The Inflation Reduction Act of 2022 introduced a wealth of opportunities for owners of commercial buildings. This act, designed to mitigate inflation, offers provisions that can enhance profitability and sustainability.
One of the act’s key provisions is the extension and expansion of the energy-efficient commercial buildings deduction, known as Section 179D. This deduction, made permanent in 2021, has been significantly updated for new construction.
Under the new rules, this deduction can be claimed for commercial buildings in which energy efficiency has been increased by 25% or more, with additional bonuses for higher-efficiency improvements. The act lowers the minimum required savings from a 50% reduction to a 25% reduction, relative to ASHRAE Reference Standard 90.1 that was in effect four years prior to the building’s initial occupancy. To validate the savings, an energy model of the building is required and must be done in an energy modeling software that is approved by the Department of the Treasury and the IRS.
The act has a sliding scale for deductions. For instance, if the prevailing wage and apprenticeship requirements are met and the building achieves a minimum 25% reduction in energy costs or a corresponding decrease in the building’s energy use intensity, the deduction increases to $2.50 per square foot. For an energy reduction greater than 25%, the deduction increases by $.10 per additional percentage of energy reduced, up to $5 per square foot. Furthermore, the lifetime limit has been removed, allowing the 179D deduction to be taken every three tax years (four in some situations). And the allocations to all tax-exempt entities falling under IRC 501(c) have been expanded.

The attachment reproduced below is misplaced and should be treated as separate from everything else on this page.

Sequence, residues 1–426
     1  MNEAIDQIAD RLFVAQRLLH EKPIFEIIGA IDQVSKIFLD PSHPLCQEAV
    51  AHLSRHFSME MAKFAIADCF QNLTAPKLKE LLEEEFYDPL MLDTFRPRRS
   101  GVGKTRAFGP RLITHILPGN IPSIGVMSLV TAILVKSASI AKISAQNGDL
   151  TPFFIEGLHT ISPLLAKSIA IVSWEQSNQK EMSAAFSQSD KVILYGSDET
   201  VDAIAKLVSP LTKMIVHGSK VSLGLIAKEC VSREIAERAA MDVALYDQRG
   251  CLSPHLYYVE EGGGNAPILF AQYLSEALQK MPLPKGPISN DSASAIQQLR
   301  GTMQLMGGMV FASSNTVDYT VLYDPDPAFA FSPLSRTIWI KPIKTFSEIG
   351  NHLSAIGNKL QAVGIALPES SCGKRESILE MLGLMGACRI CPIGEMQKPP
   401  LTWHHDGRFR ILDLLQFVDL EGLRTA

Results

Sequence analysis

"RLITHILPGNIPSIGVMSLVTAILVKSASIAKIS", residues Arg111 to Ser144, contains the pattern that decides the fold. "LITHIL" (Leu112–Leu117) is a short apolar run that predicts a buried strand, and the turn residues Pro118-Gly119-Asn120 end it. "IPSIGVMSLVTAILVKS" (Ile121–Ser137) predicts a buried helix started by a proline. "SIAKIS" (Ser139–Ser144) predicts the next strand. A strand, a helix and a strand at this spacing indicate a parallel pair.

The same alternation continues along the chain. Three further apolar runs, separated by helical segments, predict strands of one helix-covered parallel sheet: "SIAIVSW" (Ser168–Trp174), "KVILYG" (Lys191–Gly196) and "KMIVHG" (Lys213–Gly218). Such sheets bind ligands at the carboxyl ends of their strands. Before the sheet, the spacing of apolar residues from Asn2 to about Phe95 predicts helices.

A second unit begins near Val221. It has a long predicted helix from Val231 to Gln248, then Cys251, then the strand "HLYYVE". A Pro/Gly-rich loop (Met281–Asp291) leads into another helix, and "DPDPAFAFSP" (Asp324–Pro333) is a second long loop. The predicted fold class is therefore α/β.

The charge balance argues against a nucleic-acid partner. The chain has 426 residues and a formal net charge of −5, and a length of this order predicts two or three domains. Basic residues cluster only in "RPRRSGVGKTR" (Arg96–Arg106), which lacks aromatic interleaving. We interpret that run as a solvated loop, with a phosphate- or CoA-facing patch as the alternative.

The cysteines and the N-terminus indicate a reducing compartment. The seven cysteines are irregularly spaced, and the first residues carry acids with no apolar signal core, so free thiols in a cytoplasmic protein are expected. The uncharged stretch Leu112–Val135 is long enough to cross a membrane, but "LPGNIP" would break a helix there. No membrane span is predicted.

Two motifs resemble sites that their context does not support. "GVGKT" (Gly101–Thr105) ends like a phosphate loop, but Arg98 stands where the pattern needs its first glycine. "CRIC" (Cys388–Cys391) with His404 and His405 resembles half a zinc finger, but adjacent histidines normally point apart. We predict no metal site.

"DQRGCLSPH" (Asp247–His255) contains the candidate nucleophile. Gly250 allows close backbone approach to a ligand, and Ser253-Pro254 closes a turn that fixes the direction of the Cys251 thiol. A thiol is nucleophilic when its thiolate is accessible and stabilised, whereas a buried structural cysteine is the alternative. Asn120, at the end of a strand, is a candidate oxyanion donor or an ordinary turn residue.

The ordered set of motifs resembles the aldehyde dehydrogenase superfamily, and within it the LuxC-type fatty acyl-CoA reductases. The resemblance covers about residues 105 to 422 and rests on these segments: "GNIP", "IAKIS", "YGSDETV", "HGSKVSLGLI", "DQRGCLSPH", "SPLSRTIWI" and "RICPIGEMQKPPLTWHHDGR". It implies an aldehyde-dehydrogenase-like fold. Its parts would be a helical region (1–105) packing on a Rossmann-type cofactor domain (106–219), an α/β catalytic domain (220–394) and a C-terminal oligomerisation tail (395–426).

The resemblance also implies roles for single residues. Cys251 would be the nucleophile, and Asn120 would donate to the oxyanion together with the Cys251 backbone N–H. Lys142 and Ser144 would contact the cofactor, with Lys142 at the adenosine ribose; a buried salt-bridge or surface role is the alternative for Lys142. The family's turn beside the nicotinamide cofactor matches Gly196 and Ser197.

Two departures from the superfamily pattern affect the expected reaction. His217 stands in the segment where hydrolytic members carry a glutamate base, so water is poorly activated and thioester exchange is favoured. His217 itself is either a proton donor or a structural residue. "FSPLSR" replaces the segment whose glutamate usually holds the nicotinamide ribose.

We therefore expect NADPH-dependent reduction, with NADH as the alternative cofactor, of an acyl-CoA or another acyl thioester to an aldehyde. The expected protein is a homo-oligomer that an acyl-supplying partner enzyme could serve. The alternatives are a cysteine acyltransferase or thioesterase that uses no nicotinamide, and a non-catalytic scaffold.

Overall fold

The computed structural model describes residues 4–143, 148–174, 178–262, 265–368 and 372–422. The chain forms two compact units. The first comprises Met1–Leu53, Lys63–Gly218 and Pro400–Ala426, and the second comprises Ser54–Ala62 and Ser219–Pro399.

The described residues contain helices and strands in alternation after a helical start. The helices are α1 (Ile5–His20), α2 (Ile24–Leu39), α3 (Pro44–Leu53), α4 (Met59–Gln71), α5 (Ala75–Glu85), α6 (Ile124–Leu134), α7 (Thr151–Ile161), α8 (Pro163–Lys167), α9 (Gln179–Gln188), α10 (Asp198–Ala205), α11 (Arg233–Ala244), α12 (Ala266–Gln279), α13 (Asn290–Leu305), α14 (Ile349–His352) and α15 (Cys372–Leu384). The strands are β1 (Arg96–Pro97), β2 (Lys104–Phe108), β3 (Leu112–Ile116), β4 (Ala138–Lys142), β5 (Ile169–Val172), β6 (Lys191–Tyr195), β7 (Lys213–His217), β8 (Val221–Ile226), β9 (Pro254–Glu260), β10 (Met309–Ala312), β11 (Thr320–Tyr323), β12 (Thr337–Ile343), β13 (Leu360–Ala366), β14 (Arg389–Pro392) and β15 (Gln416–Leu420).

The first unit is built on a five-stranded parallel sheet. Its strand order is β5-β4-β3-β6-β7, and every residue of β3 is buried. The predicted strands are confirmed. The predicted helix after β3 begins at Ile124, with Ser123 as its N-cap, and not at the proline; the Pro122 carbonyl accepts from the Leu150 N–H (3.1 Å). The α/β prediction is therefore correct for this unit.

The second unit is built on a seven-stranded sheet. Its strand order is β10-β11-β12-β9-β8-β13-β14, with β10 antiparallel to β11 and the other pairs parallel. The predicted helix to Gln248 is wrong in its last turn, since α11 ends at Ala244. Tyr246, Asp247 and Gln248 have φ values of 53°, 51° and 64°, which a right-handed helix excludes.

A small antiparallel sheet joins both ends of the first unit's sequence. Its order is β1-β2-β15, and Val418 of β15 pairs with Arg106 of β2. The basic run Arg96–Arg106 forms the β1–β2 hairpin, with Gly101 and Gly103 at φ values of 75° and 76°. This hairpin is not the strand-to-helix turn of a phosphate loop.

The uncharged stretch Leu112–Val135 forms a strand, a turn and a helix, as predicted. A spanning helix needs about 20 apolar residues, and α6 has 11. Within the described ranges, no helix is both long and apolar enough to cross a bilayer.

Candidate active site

The types of equipment that qualify for these rebates and incentives include energy-efficient appliances, heating, ventilating and air conditioning systems, insulation and renewable energy systems such as solar panels and wind turbines. However, these incentives come with stipulations. For instance, the equipment must meet specific energy efficiency standards, and the tax credits or rebates may only apply to certain types of buildings. Therefore, it’s crucial for commercial building owners to consult with a tax professional or energy efficiency expert to understand the requirements and potential benefits of these programs.
If you’re looking for further information, check out the following resources below that were used to help develop this article. You can also reach out to Mathew Coalson at email@example.com.
“The Federal Building Performance Standard,” Council on Environmental Quality
Requirements and Submission Process for Qualified Software website, Office of Energy Efficiency and Renewable Energy
“Commercial Building Incentives” policy brief, American Council for an Energy-Efficient Economy
“Building a Clean Energy Economy: A Guidebook to the Inflation Reduction Act’s Investments in Clean Energy and Climate Action,” the White House